kerning help please

derekc88's picture

hi there.

i'm working a new logo for Tricific, a linen manufacturer and wholesaler. the company has been around for about 40 years and they wanted a new identity to show their history and success.

i've come up with a simple logo that resembles a corner of a piece of fabric. the company sells a wide range of table cloths, napkins, bedsheets, and aprons, among other products, and i wanted to hint at the textile/linen nature of all these items without going into the details of stitching, threads, etc.

for the wordmark i've used minion bold and i'm trying to finalize the character spacing and logo size and position right now. any comments will be much appreciated. thanks a lot.

[edit]

ok i've tried kerning the logo, but i'm not very good at it. could someone please give some pointers? please refer to logo3.jpg. thanks.

AttachmentSize
tricific_logo1.jpg91.42 KB
logo3.jpg156.66 KB
adnix's picture

I like the second option the best, but the spacing still needs a little work. My eye is drawn to the IFI combo, as it seems spaced differently than the rest of the letters.

midbrain's picture

How does one pronounce the company name? Try Siffic? Trissiffick?

The second seems to work best for me as well. Perhaps try a smallcaps version?

Also, check your spacing between the 'R' and the 'I'. In fact, it looks as though the letterspacing is all the same...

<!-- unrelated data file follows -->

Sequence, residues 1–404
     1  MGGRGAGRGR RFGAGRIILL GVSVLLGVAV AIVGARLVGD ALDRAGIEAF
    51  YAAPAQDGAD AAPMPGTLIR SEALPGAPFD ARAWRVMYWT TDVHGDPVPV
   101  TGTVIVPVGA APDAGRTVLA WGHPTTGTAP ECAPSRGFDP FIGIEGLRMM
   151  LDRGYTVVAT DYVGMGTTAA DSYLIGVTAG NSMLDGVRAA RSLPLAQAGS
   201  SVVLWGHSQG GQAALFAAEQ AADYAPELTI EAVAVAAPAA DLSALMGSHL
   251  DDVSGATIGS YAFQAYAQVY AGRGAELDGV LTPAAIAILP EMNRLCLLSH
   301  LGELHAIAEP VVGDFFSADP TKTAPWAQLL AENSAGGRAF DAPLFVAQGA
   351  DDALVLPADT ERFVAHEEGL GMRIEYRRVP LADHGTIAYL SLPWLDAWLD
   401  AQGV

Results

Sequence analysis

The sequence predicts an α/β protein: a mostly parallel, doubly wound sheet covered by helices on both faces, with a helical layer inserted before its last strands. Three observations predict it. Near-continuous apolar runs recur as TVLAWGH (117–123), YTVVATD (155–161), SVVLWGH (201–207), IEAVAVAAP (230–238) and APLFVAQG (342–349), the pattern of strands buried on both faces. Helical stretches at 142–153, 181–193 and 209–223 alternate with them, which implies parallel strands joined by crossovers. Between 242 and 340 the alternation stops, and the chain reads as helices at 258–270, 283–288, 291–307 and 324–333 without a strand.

derekc88's picture

all right i'll work on the second one. i haven't kerned it yet. that's next.

the name is pronounced tri-si'-fik or "try siffic".

jonsel's picture

I think #1 or #2 are better than #3. That one is too spaced out. I've always found the best way to kern a logotype is to take it in 3 letter groupings at a time. Get the TRI worked out, then do RIC, then ICI, CIF, IFI and finally FIC. That helps ensure an evenness. Then you can go back and optically tweak everything to perfection.

For clarification, Tricific isn't a consumer brand, is it? If so, the whole thing seems a bit cold. If it's just a manufacturer and supplier (i.e. B2B), then you're fine.

derekc88's picture

can somebody please give me some kerning advice for logo3.jpg up there? thanks.

timd's picture

For kerning I would suggest printing it out and squinting at it from the top of the page (the characters are upside down, so you are not concentrating on the characters in a familiar setting, squinting reduces the amount of light that your eyes register so it should appear almost as a grey blur), the squinting should reveal any particularly dark or light patches, the aim is to reduce these areas.
However, a small logo should have looser kerning than a big one (letterhead compared to side of a van) so you need to do this at approximately the correct size.
As a start get the RI correct (I think that is going to be the crucial pair) and then work the other characters until the squint technique shows that there aren’t any significantly lighter or darker areas. Ultimately you don’t want to reduce the readability, especially important with an unfamiliar word, so you might have to sacrifice some kerning.
Tim

Robert Trogman's picture

I was taught to scan through the middle of the line of type and even up the negatives. My mentor was Peter Dom who was a master with the exacto knife.

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